Budapest: The Paris of the East
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Wednesday, February 25, 2015

Budapest: The Paris of the East

Parliament from across the Danube...
The so-called Paris of the East, the Hungarian capital made for a wonderful February escape. Though temperatures were no warmer than in Paris, sunshine and cheap prices (1 euro = 305 forints) more than made up for the cold.

We spent three nights wandering, eating, caffeinating, and generally soaking up the vibe of this city that I hardly knew at all. It’s in eastern Europe, so generally themes of destruction during World War 2, communism, and populist uprisings were in there somewhere. I also had the keywords "thermal baths" and "paprika" in mind, but other than a few quick Google searches, I let fate guide us (along with the recommendations of a few reliable friends).

The result? An experience well-beyond my expectations and hardly a dent in my Parisian wallet.

In the Great Market Hall, because you can never have enough paprika...
Day 1 : 

After a bit of wandering, we stumbled upon the Great Market Hall. Food stalls serving up traditional Hungarian specialties hit the spot. Produce, meat, fish, and paprika vendors peddled their wares under a giant 19th century glass and iron canopy. It’s touristy, but tasty and convenient.

We then had a piece of flodni, a walnut and apple cake, at Café Noe, supposedly one of the best in the city. Worth it for sure.

Wandering back towards the opera district, we stopped in the Alexandra Bookstore, akin to Barnes and Noble, but with a gorgeous gilded and Renaissance-style coffee house on the upper floor. The menu is a bit pricier than most coffee houses (around 4 euros for a white chocolate or banana hot chocolate), but you get top-notch service and a piano player. Classy.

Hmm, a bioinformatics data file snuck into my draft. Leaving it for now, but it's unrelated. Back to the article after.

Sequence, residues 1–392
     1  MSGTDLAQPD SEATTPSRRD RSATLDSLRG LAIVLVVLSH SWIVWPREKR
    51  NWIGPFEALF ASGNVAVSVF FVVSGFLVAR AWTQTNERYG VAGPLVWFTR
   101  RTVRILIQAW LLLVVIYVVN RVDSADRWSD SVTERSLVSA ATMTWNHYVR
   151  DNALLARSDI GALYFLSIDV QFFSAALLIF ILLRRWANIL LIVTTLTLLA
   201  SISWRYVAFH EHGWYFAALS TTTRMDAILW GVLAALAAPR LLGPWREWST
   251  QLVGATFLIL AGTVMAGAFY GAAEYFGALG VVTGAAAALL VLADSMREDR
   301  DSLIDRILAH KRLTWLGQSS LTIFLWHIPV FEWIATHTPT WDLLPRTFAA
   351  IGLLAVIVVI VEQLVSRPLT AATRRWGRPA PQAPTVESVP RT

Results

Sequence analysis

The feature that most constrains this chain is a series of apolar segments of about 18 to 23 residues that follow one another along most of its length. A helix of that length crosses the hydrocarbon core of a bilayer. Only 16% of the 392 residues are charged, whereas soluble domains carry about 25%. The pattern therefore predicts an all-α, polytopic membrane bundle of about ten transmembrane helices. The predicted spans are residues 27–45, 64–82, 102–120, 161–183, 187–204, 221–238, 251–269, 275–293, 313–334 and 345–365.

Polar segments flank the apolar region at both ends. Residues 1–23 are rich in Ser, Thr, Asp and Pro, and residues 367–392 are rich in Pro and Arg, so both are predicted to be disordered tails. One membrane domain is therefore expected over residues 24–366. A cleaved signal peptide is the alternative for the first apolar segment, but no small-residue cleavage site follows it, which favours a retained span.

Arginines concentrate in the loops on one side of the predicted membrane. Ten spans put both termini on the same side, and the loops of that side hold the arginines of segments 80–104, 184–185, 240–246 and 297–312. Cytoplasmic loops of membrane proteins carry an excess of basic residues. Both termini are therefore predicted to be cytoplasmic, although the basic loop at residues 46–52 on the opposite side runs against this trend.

Coffee shop inside the Alexandra Bookstore








  
I wanted to eat at least one good meal, since others had said the food was not good unless you went Michelin star. We did not find this to be the case at all, but I reserved a table at a quirky little place set up by some journalists, called Firkász. For about 30 euros a person, we ate (and drank) like kings. It was definitely an excessive price for Budapest, but considering that would have been the price for some steak, fries, and wine in certain parts of Paris, we didn’t feel scammed. The piano player (they love them!) set a really nice atmosphere.

At night we stopped into one of the city’s ruin pubs. The first one I tried was called Instant. Essentially abandoned apartment blocks, these repurposed bars are the it scene in the city, and with cheap bear, art installations, and a generally amiable crowd, it was the perfect way to cap off a night
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"Look out!"
Day 2 :

We wandered more in the morning, through the old Jewish district and down to the famous Buddha Hotel. Next door is an old building with a gorgeous glass gallery, akin to the one in Milan but smaller, that is being renovated by the Buddha to become a new hotel.

A future hotel lobby.

We headed to the City Park for the city’s famous thermal spas. We chose to go to one of the most popular, and Europe’s largest, Scéchenyi Thermal Bath, in the heart of the park. If you’re hungry, grab a langos (a euro or two) at one of the little huts just outside – fried dough topped with garlic, cheese, ham, or something sweet. It’s divine, cheap, and utterly inappropriate. Then head inside, rent a locker, get into your swimsuit, and prepare to relax.